Linux is making lots of vendors nervous these days. Some, like the folks at IBM Corp. and Hewlett-Packard Co., are throwing money at Linux - they hope to get in on the ground floor of the Next Big Thing. Others, like Microsoft Corp., are throwing whatever sticks and stones they can find - they hope the buzz fades and the Linux bandwagon crashes and burns.
Yep, these vendors are nervous. And for corporate IT people, that nervousness is an advantage - no matter what we happen to think of Linux. Is this a great system, or what?
Nervousness is why a Microsoft executive was at the LinuxWorld show in New York last week, bending the ears of reporters with predictions of a Linux crash and burn. But then, Doug Miller's title is group product manager for competitive strategies. If he wasn't trashing the competition, he wouldn't be earning his paycheck.
Miller predicts flat growth, evaporating interest and a steep drop in Linux companies' stock prices this year. (Any comparisons to Microsoft's performance last year are left as an exercise for the reader.) Nobody much believed Microsoft CEO Steve Ballmer when he told analysts last month that beating Linux "really is Job 1 for us." But when Microsoft sends a guy out to trash-talk the star of the show at a conference, you know somebody's worried.
Which means we've got leverage when it's time to talk dollars and units with Microsoft. If they really don't want us to try Linux, let 'em come up with a sweeter deal.
Nervousness had IBM, HP, Compaq Computer Corp. and other Linux investors pacing the LinuxWorld aisles, too. These guys need a return on their investment; IBM alone is spending a cool billion on Linux this year. That's not a side bet, even for Big Blue.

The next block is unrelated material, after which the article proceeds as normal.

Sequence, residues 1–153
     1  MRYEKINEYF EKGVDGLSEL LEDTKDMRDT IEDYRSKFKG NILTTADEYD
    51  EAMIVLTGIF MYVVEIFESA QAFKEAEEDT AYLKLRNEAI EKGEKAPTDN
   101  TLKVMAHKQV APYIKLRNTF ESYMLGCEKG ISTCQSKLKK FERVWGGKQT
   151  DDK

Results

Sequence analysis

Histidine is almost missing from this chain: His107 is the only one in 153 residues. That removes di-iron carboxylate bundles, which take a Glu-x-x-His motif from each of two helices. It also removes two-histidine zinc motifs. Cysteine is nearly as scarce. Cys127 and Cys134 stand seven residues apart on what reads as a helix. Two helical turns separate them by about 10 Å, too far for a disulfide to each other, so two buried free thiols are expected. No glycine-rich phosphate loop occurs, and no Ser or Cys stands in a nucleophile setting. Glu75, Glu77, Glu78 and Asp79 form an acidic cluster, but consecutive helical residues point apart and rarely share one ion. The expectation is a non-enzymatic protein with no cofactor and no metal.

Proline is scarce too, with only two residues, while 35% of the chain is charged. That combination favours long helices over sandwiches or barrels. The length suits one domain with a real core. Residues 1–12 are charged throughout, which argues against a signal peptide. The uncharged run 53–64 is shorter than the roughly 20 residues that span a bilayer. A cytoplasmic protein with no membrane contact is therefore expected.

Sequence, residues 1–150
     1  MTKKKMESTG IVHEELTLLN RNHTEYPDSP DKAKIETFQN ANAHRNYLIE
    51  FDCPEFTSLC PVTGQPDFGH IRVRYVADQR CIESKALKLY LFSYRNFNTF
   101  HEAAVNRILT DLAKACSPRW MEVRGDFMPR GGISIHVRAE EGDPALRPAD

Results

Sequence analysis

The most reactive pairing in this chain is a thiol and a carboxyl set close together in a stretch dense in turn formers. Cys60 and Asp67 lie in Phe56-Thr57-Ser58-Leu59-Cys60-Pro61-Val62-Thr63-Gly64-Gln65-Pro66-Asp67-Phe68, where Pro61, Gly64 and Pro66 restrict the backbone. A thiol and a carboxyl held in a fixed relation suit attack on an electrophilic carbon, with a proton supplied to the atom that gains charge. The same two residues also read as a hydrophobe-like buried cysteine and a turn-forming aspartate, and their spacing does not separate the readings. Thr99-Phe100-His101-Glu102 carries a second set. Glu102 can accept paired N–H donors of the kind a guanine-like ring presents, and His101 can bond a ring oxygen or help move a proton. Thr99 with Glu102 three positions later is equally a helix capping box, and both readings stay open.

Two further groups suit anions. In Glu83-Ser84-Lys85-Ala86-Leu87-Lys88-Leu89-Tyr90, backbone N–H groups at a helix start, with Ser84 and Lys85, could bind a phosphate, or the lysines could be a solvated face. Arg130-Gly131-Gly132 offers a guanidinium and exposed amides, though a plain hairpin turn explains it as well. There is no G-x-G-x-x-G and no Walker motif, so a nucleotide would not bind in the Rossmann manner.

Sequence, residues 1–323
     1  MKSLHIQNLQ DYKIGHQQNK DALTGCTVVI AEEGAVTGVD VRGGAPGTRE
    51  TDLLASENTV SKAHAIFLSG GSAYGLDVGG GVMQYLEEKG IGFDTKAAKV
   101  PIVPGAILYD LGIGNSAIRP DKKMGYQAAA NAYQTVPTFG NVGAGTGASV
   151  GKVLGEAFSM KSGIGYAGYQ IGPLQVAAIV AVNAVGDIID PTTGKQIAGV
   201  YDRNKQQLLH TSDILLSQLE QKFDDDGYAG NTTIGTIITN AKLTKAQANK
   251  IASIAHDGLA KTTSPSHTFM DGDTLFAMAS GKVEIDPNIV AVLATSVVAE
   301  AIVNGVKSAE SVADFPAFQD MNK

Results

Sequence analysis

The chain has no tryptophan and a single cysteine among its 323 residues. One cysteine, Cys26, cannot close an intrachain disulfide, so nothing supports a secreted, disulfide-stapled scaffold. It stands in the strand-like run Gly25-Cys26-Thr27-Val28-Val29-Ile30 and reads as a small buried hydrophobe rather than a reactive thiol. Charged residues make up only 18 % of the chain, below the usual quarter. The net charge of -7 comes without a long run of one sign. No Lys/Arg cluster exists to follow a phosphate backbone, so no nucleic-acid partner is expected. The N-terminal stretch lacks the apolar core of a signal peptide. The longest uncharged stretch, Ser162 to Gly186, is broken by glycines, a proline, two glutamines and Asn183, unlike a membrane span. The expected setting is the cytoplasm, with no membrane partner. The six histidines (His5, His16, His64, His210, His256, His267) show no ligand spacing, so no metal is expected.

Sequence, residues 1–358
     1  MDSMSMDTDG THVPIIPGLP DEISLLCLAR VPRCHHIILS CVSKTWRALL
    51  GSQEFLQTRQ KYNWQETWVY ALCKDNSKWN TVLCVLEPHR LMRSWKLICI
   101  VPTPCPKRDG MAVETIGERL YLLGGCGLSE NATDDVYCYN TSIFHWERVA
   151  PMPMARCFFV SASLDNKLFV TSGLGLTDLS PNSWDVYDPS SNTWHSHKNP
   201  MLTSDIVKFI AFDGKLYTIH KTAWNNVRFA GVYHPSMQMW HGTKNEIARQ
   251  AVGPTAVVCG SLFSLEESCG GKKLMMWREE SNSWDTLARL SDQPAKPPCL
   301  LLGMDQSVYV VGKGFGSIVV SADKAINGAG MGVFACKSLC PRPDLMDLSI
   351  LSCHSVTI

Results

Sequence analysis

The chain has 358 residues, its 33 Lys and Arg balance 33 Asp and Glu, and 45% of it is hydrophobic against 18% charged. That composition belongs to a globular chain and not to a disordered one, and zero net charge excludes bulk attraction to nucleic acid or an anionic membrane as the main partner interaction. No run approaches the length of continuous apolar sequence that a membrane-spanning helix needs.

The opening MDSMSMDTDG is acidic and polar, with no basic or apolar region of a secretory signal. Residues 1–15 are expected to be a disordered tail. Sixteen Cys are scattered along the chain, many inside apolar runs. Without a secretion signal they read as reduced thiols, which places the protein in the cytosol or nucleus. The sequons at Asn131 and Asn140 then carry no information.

If the Linux play doesn't pay off, things could get ugly. So the Linux backers are talking up Linux with as much energy as Microsoft is talking it down.
And that gives us bargaining power, too. If IBM wants to sell us Linux, we've got a choice. What's so special about IBM's Linux instead of, say, Compaq's or HP's - or anyone else's Linux, for that matter? They all know they've got competition; if their Linux is so great, they can prove it by cutting us a great deal.
Does that sound callous and cynical? Sure it does. Hard bargaining is like that. Unless you're a true believer - in Linux or Windows 2000 or mainframes or some other best-of-all-possible-worlds technology - you're not buying IT products because you love them, but because they're the best for doing what you and your users need to accomplish.
And the fact that you can walk away from any vendor's table is your strongest bargaining chip in cutting the best deal.
Competition - real competition - gives us enough product choice so we can walk away from that table. Right now, Linux is generating a lot of competition. For IT shops, that's all good.
And the best part about it is, we don't even have to like Linux. We don't have to approve of its weird, loose-knit, nobody-in-charge, everybody-does-it-for-free development approach. We don't have to buy into its pseudo-utopian free-software philosophy.
We don't even have to trust it to survive on its own. IBM, HP and the rest are investing billions of dollars in Linux; they'll pick up the ball if the free-software guys drop it.
So we can treat Linux like any other product. We can use it to pit vendors against one another. We can demand the best terms. We can close the best deal.
And yeah, that makes IT sellers nervous. But it should make IT buyers feel just fine.
Hayes, Computerworld's senior news columnist, has covered IT for more than 20 years. Contact him at firstname.lastname@example.org.